Russian sci-fi landmark digitised to 4K
BY CRAIG DINGWALL
The NFSA has digitised the landmark Russian feature film Aelita: Queen of Mars (1924). The film will premiere at the Melbourne Recital Centre on 22 June 2018 with a live score by The Spheres.
Russian and Soviet Republic director and screenwriter Yakov Protazanov directed one of the world’s first science-fiction features, Aelita: Queen of Mars in 1924. Based on a novel by Alexei Tolstoi and produced only seven years after the Russian Revolution, this silent film employed science-fiction to promote the Communist cause.
It is also noted for its remarkable constructivist Martian sets and costumes which directly influenced the more famous Metropolis (1927), directed by Fritz Lang, and even the much later Flash Gordon (Mike Hodges, USA, 1980). Aelita is visually breathtaking and was, in many respects, ahead of its time.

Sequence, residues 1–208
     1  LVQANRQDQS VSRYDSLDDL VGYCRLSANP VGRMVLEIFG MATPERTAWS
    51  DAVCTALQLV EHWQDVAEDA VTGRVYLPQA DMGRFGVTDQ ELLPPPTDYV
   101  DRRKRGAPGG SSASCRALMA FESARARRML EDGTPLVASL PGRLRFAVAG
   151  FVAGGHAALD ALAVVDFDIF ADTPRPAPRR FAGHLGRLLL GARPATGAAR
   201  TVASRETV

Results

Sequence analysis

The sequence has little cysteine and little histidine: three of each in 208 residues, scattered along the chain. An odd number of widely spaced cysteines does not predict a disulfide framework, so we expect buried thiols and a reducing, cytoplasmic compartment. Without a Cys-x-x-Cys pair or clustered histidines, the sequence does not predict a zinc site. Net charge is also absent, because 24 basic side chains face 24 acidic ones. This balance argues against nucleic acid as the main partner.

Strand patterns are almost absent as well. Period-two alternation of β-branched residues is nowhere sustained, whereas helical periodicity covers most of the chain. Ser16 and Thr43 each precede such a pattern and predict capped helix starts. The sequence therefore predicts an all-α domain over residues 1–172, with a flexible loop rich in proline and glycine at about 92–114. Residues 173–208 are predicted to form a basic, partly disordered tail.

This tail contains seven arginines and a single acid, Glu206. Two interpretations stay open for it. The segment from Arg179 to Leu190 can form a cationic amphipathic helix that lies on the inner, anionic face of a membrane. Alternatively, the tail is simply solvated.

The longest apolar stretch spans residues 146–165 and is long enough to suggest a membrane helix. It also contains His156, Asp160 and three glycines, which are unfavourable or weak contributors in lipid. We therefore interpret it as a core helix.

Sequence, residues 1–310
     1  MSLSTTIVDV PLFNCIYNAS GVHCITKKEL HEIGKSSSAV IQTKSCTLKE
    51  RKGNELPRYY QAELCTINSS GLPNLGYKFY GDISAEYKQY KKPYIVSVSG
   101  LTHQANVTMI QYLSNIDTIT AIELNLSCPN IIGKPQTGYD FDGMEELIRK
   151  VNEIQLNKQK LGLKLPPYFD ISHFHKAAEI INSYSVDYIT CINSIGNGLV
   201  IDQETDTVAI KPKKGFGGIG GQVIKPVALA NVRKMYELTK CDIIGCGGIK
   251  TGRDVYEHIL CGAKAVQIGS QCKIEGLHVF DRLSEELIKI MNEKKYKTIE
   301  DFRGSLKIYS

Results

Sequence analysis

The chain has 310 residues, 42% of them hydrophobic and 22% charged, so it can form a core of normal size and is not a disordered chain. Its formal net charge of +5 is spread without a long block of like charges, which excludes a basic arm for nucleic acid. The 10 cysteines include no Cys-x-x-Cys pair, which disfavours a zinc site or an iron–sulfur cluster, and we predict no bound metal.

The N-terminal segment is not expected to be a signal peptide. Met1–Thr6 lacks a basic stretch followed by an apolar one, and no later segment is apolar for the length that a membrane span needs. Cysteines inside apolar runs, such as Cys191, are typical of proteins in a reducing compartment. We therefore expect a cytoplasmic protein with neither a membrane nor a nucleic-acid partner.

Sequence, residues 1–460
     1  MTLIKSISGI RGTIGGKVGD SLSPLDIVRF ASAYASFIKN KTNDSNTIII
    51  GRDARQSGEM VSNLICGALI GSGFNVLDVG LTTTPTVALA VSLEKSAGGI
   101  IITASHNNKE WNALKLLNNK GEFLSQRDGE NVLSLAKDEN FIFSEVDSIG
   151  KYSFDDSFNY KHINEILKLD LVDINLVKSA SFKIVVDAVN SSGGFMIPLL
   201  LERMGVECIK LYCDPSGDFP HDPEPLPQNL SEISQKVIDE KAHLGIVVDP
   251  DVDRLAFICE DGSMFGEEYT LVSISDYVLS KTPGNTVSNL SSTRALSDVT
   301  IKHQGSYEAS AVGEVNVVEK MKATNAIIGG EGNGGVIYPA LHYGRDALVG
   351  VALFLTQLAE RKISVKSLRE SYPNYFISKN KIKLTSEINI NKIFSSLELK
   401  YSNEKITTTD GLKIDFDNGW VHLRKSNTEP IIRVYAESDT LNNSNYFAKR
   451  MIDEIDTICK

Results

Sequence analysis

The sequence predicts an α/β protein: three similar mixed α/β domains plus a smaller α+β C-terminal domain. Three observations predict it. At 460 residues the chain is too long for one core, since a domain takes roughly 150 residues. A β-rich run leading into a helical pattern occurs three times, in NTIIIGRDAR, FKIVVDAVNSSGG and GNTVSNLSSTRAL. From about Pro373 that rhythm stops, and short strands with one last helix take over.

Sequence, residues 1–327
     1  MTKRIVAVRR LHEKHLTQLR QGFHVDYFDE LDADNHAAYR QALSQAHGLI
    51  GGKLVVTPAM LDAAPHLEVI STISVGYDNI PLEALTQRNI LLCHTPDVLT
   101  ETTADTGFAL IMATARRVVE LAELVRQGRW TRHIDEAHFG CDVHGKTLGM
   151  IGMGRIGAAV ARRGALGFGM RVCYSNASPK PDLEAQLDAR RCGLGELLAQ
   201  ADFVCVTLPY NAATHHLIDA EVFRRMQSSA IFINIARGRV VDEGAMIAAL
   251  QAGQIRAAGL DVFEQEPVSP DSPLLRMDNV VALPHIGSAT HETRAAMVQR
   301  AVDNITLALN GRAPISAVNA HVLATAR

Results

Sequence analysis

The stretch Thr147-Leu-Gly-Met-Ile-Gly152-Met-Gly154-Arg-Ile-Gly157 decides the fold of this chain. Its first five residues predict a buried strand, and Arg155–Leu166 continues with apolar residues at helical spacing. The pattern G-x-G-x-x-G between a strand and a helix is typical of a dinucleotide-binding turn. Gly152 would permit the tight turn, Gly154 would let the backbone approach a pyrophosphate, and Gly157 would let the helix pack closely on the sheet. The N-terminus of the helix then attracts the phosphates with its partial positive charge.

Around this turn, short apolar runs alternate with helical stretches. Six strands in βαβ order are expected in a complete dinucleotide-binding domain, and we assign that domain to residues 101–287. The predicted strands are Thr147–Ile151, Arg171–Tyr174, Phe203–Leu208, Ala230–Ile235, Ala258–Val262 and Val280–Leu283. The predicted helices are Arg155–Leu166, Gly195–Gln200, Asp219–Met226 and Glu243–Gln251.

The projection print of Aelita held by the NFSA has a run time of just under two hours. It comprises nine separate 35mm film reels with each reel averaging 335 metres (1100 feet) in length.
The print retains the original 1924 Russian intertitles but also includes English translations, added in 1983. Though in relatively good condition, the print has been screened many times and inevitably contains artifacts such as projection scratches.
After being prepared and cleaned we scanned the print on our Blackmagic Cintel scanner. The Cintel scans negative and positive 35mm film in real time into 4K files.The process creates a single digital file for every sequential frame of the film.
We then graded the film using DaVinci Resolve software to generate a Digital Cinema Print (DCP) for the upcoming Melbourne screening.
Grading Aelita proved to be challenging as the intertitles varied in exposure to the main action of the film. In total, we performed 980 grades over three days, which also improved the readability of the English subtitles.